If Disney had reported the crime immediately to the police in Port Canaveral or provided the child's grandmother with the local police's telephone numbers, the case would have turned out differently. As the Brevard County Attorney General said: "the decision to prosecute that serious a crime in Florida rests with a prosecutor, not a grandmother."
Plus, there are many reasons why a child and her grandmother may have decided not to make a second complaint in the Bahamas. How was the child treated after making the first complaint? The Disney perpetrator should have been handcuffed and taken off the cruise ship and the girl should have seen a counselor. Instead, the girl was forced to sail on the ship with the perpetrator still aboard.
The reporter investigating the crime, Tony Pipitone, said that the cruise line repeatedly provided him with false information. Did Disney also lie to the child and her grandmother? In many cases, we see the cruise lines and police officers at the next port of call intimidate the victim's family. They tell them that they will have to travel back to port of call repeatedly for criminal hearings and trial. By the time the cruise ship arrived in Nassau, the little girl and her grandmother were undoubtedly tired and traumatized. They had not been permitted to speak with U.S. law enforcement, a social worker or counselor, or their own legal representatives. Instead they had to deal with Disney and the Bahamas which have their own agenda to keep matters like this quiet.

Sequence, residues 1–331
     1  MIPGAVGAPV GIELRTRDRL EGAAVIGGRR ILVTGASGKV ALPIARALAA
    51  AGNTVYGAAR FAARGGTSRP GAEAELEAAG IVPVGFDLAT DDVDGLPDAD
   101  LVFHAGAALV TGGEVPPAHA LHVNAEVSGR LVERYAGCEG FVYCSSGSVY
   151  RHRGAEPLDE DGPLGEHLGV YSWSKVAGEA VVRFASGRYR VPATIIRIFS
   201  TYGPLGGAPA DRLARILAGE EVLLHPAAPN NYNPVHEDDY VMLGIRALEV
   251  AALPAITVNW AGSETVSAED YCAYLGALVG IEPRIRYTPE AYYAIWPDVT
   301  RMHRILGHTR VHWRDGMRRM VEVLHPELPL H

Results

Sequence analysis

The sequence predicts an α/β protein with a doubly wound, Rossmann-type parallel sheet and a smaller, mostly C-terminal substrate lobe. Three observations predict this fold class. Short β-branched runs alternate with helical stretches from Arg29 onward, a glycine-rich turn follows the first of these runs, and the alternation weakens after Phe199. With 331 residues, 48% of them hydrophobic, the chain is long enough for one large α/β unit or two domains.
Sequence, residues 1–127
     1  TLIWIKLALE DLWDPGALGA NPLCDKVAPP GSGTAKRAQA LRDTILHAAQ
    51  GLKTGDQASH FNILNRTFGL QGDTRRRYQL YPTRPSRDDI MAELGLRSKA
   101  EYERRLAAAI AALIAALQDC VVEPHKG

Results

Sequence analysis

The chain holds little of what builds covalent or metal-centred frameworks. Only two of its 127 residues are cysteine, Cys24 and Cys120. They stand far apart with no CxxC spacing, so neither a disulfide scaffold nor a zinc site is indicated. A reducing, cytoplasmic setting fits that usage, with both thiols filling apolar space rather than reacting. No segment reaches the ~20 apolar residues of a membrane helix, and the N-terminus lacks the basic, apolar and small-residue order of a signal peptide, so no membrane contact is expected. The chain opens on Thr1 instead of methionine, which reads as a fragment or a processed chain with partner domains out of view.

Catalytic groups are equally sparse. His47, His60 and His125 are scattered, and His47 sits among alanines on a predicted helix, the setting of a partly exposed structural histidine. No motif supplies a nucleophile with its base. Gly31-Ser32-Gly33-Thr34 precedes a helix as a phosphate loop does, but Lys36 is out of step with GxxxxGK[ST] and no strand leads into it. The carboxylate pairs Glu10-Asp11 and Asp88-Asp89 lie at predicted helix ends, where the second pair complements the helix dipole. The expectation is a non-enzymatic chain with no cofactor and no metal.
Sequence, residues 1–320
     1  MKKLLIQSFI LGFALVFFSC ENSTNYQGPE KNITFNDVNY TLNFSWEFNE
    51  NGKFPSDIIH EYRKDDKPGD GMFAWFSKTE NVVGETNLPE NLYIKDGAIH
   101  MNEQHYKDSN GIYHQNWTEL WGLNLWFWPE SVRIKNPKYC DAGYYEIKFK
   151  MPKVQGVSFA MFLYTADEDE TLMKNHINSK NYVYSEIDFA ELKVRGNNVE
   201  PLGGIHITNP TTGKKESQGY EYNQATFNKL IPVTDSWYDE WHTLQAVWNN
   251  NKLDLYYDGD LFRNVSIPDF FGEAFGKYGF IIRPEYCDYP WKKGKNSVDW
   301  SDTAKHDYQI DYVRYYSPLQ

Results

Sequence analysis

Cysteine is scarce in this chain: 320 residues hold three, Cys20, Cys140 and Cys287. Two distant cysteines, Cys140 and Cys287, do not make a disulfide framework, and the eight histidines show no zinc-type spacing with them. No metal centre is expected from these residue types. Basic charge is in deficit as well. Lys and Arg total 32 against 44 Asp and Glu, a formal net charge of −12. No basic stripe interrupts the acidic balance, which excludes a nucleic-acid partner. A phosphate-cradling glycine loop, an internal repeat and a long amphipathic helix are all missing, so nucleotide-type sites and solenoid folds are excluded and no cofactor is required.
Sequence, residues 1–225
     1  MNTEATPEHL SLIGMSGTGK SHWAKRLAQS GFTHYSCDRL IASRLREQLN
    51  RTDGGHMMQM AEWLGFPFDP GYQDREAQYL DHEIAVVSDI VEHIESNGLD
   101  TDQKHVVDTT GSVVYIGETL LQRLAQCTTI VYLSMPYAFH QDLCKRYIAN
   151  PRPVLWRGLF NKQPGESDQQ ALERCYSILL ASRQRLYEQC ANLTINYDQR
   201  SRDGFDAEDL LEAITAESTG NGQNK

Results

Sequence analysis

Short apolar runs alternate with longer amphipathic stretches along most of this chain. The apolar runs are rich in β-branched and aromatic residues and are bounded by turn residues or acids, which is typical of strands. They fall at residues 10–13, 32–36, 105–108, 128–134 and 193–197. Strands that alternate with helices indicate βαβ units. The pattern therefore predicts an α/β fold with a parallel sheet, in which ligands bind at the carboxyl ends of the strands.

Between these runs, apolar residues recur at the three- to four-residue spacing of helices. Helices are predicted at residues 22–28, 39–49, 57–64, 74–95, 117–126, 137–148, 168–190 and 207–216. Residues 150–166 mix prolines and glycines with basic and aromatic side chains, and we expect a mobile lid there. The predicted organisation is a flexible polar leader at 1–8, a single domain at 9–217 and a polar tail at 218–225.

Rolle is sensitive to issues of tourism. He understands the effects of crime on tourism both in the Bahamas and on Bahamian-flagged cruise ships. When a U.S. crew member was shot and killed in Nassau two weeks ago, Rolle defended himself saying "We aren’t no play-play cartoon police force." He told the Nassau Guardian "Tourism is our life blood.”
Bahamas police officer Rolle is also no stranger to Disney cruise ship controversies and protecting Disney's image. When a Disney crew member, Rebecca Coriam, disappeared from the Bahamian-flagged Disney Wonder two years ago under disturbing circumstances, it was Rolle who the Bahamas tasked with flying over to Los Angeles to briefly board the cruise ship to investigate what happened. Rolle conducted a quickie investigation which of course exonerated Disney. The international media characterized Rolle's efforts as a "farce" designed to assist Disney in covering the matter up.
Rolle promised the Coriam family that he would release the results of his "investigation" into their daughter's disappearance. But he has persistently refused to do so. To date, the Bahamas refuses to cooperate with the Coriam family and has kept Rolle's report secret from the family. Disney and the Bahamas have erected a wall of silence when the Coriam family seek information about Rebecca.
With the likes of tourism-sensitive Officer Rolle responsible for official cruise ship investigations, it is no wonder that Disney refused to timely report the child molestation to the U.S. police in Port Canaveral. By sailing the crime scene over to the Bahamas, media-sensitive Disney assured that its police friends in Nassau would do nothing. Disney could then fly its child-molester employee home with Rolle's blessings.
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Top: WKMG Channel 6 in Orlando
Middle: Jim Walker
Bottom: Nassau Guardian